File this in the "why am I not surprised?" folder, please. Republican FCC Commissioner Meredith Attwell Baker is leaving her post at the FCC to become Comcast's Senior VP of Government Affairs.
The news, reported this afternoon by the Wall Street Journal, The Hill, and Politico, comes after the hugely controversial merger of Comcast and NBC earlier this year. At the time, Baker objected to FCC attempts to impose conditions on the deal and argued that the "complex and significant transaction" could "bring exciting benefits to consumers that outweigh potential harms."
Four months after approving the massive transaction, Attwell Baker will take a top DC lobbying job for the new Comcast-NBC entity, according to reports.
The response of groups like Free Press was expected in its anger, but not without merit. "No wonder the public is so nauseated by business as usual in Washington—where the complete capture of government by industry barely raises any eyebrows," said Free Press' Craig Aaron. "The continuously revolving door at the FCC continues to erode any prospects for good public policy. We hope—but won't hold our breath—that her replacement will be someone who is not just greasing the way for their next industry job."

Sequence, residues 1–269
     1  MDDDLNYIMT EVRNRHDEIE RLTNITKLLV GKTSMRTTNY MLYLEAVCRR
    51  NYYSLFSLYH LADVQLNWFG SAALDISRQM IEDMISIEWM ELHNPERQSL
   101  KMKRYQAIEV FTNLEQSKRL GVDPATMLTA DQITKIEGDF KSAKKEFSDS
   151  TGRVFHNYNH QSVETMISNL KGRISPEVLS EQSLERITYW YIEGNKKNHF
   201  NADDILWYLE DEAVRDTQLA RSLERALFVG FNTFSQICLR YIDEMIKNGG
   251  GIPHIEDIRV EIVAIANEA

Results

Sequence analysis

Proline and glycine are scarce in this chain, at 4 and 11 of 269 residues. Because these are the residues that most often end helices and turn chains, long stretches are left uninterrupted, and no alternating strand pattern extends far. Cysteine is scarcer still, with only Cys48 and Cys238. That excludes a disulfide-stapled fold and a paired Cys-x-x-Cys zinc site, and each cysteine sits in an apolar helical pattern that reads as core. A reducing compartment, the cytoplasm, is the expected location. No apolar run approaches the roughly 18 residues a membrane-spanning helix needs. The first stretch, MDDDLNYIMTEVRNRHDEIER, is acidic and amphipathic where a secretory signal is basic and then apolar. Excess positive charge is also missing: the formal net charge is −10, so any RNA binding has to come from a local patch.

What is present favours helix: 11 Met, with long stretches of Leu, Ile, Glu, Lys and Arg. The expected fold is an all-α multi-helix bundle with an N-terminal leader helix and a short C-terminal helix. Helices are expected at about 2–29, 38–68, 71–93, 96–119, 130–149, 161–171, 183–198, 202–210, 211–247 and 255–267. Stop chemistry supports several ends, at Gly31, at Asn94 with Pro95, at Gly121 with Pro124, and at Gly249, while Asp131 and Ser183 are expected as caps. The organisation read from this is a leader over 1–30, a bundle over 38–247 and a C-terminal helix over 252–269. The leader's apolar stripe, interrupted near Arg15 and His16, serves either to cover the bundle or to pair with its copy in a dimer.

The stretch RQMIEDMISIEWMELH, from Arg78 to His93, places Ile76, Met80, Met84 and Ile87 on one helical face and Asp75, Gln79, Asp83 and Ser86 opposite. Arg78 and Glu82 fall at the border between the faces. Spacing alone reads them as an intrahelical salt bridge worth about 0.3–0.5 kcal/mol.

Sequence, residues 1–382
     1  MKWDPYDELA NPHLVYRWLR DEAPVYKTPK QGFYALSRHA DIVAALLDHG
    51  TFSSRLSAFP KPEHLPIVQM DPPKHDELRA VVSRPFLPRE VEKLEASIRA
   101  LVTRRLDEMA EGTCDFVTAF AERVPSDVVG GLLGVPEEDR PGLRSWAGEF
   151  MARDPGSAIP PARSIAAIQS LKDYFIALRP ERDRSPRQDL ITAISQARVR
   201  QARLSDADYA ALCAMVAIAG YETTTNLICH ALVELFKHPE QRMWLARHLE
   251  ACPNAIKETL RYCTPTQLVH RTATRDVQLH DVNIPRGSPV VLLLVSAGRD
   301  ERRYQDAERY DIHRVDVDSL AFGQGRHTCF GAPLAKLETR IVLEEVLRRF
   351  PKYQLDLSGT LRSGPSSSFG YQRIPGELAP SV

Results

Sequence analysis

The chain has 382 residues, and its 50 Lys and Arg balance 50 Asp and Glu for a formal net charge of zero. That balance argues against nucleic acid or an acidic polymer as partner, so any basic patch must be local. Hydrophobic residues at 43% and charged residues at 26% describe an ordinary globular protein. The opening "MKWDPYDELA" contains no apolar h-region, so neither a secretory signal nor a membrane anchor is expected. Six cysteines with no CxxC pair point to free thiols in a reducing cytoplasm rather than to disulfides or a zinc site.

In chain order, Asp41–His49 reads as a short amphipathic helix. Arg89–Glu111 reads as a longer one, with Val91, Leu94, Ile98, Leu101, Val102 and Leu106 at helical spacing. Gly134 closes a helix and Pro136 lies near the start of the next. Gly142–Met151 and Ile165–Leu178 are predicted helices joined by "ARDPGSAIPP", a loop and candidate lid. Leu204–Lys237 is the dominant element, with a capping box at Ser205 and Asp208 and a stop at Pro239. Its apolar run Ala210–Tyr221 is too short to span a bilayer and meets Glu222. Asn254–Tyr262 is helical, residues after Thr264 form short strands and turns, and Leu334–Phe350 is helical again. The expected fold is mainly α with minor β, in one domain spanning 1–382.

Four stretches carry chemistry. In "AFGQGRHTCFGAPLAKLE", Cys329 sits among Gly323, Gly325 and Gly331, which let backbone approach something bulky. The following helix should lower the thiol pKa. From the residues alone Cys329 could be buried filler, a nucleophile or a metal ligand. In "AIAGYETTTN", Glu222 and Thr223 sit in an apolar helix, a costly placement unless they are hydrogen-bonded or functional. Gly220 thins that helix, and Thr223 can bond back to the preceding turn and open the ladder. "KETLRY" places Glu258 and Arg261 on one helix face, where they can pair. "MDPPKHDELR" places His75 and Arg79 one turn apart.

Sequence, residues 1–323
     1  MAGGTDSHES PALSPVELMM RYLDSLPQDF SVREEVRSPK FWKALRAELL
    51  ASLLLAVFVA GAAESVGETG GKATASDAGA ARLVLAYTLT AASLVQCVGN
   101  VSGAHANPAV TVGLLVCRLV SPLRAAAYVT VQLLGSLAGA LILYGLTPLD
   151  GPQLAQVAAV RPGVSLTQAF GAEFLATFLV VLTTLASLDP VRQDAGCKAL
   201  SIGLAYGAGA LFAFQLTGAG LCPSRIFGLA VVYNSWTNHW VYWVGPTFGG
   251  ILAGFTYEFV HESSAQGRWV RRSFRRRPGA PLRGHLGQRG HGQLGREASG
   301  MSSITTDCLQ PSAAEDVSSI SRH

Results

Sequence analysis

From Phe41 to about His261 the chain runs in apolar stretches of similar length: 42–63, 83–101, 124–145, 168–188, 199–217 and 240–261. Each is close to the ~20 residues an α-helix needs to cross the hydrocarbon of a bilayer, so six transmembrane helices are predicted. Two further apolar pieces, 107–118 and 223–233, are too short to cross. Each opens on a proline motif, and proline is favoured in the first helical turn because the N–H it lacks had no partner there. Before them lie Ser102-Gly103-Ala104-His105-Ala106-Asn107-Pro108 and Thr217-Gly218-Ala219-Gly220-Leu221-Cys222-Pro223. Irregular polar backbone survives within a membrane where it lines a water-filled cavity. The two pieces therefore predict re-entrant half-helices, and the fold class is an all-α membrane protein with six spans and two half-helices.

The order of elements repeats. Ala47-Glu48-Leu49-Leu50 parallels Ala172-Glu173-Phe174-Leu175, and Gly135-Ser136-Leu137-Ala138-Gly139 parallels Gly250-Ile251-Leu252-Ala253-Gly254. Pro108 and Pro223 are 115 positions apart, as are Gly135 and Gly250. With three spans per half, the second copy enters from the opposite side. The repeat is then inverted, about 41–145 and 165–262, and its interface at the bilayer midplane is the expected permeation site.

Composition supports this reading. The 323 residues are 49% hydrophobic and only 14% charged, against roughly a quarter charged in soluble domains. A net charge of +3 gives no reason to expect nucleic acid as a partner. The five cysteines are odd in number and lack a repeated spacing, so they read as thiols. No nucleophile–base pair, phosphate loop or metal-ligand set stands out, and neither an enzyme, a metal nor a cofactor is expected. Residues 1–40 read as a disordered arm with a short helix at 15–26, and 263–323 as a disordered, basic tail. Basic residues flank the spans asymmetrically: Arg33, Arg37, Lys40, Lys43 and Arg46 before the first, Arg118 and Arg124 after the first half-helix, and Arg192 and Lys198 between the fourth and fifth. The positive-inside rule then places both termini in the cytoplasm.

Baker has spoken against net neutrality regulations in the past. I imagine Comcast will be very happy to have her on the team. Sigh.
In case you're not familiar with Baker's connections, here's her pedigree:
Baker, an ebullient Houston native, needs little introduction within Washington. She is daughter-in-law of former secretary of state James A. Baker III. Husband James A. Baker IV is a senior partner at law firm Baker Botts.
Her introduction to Washington was in high school, when she was an exchange student. Coincidentally, she stayed with the family of FCC chief of staff Edward Lazarus and attended a semester at Sidwell Friends School.
After working at the State Department, she fell into technology policy by accident. Baker followed Steven Barry, a former boss from State to wireless trade group CTIA. Baker then joined the National Telecommunications and Information Administration to work on spectrum management before taking over for John M. R. Kneuer in November 2008.